Ta(l)king Eyes by Jacque Vaught Brogan.
“Lively, innovative, and dancing with feminist passion, Jacque Vaught Brogan, ‘reporting from Notre Dame,’ has given us in TA(L)KING EYES a collection of perceptions for our mythic lady to celebrate. In this vividly experimental text, the eyes, ayes, & I’s have it!”—Sandra M. Gilbert
“Part post-industrial sea chantey, part epiphany against the ‘economies of loss’ that expand exponentially with each morning’s news that struggles to stay news, Jane Sprague’s THE PORT OF LOS ANGELES offers us a rare and varied thick description (with Whitmanesque undertows) of those moments when our living-breathing-trying-to-pay-the bills-selves meet the vast expanse that is the seemingly boundless sea. ‘John Steinbeck was right,’ the poet writes. And Jane Sprague certainly is, too.”—Mark Nowak
Poet and Editor Jane Sprague is a poet and editor of Palm Press. Her poems, essays and reviews of contemporary poetry have been published in many print and online journals including Columbia Poetry Review, Kiosk, Tarpaulin Sky, How2, Jacket and others. She is the author of THE PORT OF LOS ANGELES (Chax Press, 2009) and Extreme Global: La Ciudad sin Extremo/Los Angeles, forthcoming from ChainLinks. She is the recipient of a NYFA grant as an Artist in the School Community at Cornell University and NYSCA grants for her curatorial and performance work. She has taught writing in public school classrooms as a teaching artist for Lincoln Center’s Institute for Aesthetic Education, at Bedford Hills Correctional Facility for Women (in conjunction with Bank Street College), and at several colleges in Southern California. She is recently edited the collection IMAGINARY SYLLABI (Palm Press, 2011), a pedagogical project documenting and exploring the potential and actual work of innovative and radical strategies for teaching writing.
“In IN FELT TREELING, Michael Cross has created a pastoral theatre in which elaborate patterns of resemblance are poetically measured by counter-voiced assertions of autonomy and difference. The world is invited to ‘err’ and to ‘air’ its intentions freely, treely, freewheelingly, treelingly. These poems are “felt” doubly, as both noun and verb, with their layered emotional registers and their playfully theatrical costume dressing. As this carefully scored work is animated by the vocal fabric of its setting in the woods, the reader becomes transfixed, like Daphne, within the lush, felt landscape of the poems.”–Elizabeth Willis
Michael Cross’s critically acclaimed debut, IN FELT TREELING: A LIBRETTO, was published by Chax Press in 2008. HAECCEITIES is his second collection of poetry. He is the editor of INVOLUNTARY VISION: AFTER AKIRA KUROSAWA’S DREAMS (Avenue B, 2003) and The George Oppen Memorial Lectures at San Francisco State University (forthcoming). Cross lives in Oakland.
“In PRESOCRATIC BLUES the presocratics walk among us, obsessed with the everyday: the rain, the bar, the blues. And the poems that result are full of correspondence, of discovery in the Spicerian sense. These are poems that remind us that behind every simple moment is a larger question about the universe and humanities place in it”–Juliana Spahr. “In PRESOCRATIC BLUES, Joel Bettridge takes us back home, back to that poor old actuality at the pre-Socratic horizon of thought and matter. But we are no happier for it. We go down to the river, a Heraclitan flux that just keeps rolling, witness to despair and wicked deeds. These are sharply intelligent poems, full of acerbic wit, absurdity, and heartbreak.”–Devin Johnston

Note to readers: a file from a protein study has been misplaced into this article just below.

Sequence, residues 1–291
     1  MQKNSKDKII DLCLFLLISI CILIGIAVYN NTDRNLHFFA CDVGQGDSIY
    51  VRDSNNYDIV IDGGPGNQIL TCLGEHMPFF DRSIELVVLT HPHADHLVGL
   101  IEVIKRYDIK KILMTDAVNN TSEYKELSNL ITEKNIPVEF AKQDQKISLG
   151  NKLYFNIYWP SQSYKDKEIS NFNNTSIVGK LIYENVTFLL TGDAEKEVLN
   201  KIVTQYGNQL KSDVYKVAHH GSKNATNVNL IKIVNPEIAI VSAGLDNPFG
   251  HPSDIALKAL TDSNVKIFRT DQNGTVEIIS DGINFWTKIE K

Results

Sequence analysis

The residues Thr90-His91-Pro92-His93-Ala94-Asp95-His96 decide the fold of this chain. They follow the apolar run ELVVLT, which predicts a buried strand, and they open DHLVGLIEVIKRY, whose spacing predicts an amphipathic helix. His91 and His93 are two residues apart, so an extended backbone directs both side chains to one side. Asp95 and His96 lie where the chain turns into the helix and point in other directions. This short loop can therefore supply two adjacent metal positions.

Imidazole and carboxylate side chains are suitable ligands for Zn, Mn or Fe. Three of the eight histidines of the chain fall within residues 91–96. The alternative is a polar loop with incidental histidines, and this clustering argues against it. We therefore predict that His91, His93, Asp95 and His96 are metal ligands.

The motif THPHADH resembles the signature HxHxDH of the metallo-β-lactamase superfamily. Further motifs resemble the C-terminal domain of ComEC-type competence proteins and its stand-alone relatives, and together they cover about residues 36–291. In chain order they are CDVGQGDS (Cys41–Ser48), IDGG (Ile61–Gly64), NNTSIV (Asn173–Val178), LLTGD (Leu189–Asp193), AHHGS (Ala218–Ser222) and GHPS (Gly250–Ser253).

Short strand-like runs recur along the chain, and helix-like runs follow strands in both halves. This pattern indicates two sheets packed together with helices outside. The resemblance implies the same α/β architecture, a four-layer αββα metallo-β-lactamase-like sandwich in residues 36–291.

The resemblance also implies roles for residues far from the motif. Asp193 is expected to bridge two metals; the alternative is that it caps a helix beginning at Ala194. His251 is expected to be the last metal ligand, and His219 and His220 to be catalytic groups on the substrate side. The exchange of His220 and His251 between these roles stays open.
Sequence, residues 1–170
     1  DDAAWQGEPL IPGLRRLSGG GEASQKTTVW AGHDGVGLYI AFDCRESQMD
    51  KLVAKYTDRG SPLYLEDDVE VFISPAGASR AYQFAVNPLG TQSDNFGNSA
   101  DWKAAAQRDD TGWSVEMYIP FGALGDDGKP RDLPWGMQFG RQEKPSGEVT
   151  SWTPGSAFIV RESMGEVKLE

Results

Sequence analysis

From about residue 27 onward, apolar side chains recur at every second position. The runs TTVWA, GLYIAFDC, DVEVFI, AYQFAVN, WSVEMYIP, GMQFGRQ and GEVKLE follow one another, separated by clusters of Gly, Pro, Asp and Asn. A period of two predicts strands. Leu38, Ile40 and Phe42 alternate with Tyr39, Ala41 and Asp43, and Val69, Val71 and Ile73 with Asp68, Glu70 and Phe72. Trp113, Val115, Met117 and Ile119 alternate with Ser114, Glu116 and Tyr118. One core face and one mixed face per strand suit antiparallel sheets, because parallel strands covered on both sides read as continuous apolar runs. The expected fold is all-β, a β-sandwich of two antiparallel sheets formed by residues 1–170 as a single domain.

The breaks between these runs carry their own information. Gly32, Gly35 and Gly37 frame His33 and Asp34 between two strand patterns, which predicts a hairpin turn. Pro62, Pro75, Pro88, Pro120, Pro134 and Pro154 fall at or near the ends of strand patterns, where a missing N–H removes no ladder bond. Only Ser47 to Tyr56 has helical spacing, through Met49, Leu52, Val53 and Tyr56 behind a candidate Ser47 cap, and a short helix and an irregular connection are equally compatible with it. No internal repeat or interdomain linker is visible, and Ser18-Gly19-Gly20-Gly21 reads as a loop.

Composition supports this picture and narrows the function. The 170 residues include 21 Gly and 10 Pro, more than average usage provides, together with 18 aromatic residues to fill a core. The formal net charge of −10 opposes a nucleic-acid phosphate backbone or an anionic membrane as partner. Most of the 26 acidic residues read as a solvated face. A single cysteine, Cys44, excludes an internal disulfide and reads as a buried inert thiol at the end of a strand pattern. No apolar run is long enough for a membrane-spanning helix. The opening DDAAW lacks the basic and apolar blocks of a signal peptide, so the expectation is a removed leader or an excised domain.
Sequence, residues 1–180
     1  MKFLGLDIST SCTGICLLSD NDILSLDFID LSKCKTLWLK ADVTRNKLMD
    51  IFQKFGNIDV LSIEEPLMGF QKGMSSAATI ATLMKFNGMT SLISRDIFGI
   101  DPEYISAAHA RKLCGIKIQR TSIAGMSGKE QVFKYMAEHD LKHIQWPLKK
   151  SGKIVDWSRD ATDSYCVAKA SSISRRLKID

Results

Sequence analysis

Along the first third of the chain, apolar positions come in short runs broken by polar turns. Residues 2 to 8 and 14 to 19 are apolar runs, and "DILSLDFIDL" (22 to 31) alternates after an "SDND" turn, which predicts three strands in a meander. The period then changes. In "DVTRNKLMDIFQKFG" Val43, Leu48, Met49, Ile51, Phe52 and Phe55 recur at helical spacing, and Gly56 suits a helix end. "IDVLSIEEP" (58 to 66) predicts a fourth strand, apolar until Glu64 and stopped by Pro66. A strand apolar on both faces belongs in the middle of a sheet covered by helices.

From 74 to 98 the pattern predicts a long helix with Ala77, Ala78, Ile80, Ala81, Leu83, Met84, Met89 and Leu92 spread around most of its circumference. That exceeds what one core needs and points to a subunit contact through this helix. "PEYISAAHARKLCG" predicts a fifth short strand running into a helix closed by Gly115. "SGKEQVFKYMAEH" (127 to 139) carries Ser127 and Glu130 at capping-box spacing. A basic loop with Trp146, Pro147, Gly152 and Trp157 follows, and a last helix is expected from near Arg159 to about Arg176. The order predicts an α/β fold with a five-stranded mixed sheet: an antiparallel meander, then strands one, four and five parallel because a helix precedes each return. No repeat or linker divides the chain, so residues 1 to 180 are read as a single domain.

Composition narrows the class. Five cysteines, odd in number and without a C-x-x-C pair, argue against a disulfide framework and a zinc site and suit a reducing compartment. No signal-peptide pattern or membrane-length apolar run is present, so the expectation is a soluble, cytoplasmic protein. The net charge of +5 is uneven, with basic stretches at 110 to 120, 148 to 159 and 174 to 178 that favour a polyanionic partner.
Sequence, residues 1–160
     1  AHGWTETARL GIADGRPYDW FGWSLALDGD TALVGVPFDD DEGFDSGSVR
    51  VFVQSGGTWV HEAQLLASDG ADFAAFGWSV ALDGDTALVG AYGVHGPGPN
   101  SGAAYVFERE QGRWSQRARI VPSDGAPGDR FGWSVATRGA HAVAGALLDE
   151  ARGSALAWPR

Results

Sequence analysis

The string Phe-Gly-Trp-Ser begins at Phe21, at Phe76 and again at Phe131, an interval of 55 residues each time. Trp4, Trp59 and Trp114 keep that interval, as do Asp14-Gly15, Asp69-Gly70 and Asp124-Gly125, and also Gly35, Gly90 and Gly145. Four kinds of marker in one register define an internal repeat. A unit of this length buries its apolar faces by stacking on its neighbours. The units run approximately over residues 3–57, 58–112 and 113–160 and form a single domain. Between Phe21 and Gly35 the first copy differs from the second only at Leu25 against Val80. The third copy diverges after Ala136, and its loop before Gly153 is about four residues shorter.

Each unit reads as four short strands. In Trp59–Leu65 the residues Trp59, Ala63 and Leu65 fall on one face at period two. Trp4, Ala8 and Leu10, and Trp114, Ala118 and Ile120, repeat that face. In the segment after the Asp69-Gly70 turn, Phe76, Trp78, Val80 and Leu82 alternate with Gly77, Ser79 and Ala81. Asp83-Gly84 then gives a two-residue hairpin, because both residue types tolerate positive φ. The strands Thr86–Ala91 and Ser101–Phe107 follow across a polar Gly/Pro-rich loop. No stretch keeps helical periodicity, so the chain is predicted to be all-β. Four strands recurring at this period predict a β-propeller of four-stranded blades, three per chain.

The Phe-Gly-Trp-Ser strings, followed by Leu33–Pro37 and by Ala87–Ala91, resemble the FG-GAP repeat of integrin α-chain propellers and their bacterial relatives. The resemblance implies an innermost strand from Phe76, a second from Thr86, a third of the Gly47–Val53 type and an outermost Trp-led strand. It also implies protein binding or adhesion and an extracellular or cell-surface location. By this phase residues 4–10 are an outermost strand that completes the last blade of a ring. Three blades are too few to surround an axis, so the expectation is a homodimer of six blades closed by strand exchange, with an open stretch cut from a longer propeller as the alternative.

Joel Bettridge is the author of two books of poetry, THAT CULTURAL SOCIETY (The Cultural Society, 2007) and PRESOCRATIC BLUES (Chax Press, 2009), as well as the critical study, Reading as Belief: Language Writing, Poetics, Faith (Palgrave Macmillan, 2009). He co-edited, with Eric Selinger, RONALD JOHNSON: LIFE AND WORKS (National Poetry Foundation, 2008). Currently he is an Assistant Professor of English at Portland State University.
“The ever-precise and brilliant James Schuyler characterized Vladimir Mayakovsky’s poetry as brimming with the ‘intimate yell.’ Frank O’Hara got that energy pulsing in his work, but was tenderer, while Linh Dinh is more preposterous and full of outrage than either. Imagine a concoction that mixes Shakespeare’s Falstaff and Celine’s Bardum, frank, rollicking humor and hair-raising disgust. After adding fish sauce, a smelly cheese and sexual sweat, shake vigorously. Out of the bottle rises Linh Dinh. God talks to him and he talks about everything, including the body parts that Renaissance painters left out. No one does it better.”–John Yau
Linh Dinh was born in Saigon, Vietnam in 1963, came to the US in 1975, and has also lived in Italy and England. He is the author of two collections of stories and four books of poems. His work has been anthologized in Best American Poetry 2000, Best American Poetry 2004, Best American Poetry 2007 and Great American Prose Poems from Poe to the Present, among other places. Linh Dinh is also the editor of the anthologies Night, Again: Contemporary Fiction from Vietnam (Seven Stories Press, 1996) and Three Vietnamese Poets (Tinfish, 2001), and translator of Night, Fish and Charlie Parker, the poetry of Phan Nhien Hao (Tupelo, 2006). Blood and Soap (Seven Stories Press, 2004) was chosen by the Village Voice as one of the best books of 2004. His poems and stories have been translated into Italian, Spanish, German, Dutch, Portuguese, Japanese and Arabic, and he has been invited to read his works all over the US, London, Cambridge and Berlin. He has also published widely in Vietnamese. He lives in Philadelphia. His works from Chax Press are AMERICAN TATTS (2005), JAM ALERTS (2007), and SOME KIND OF CHEESE ORGY (2009).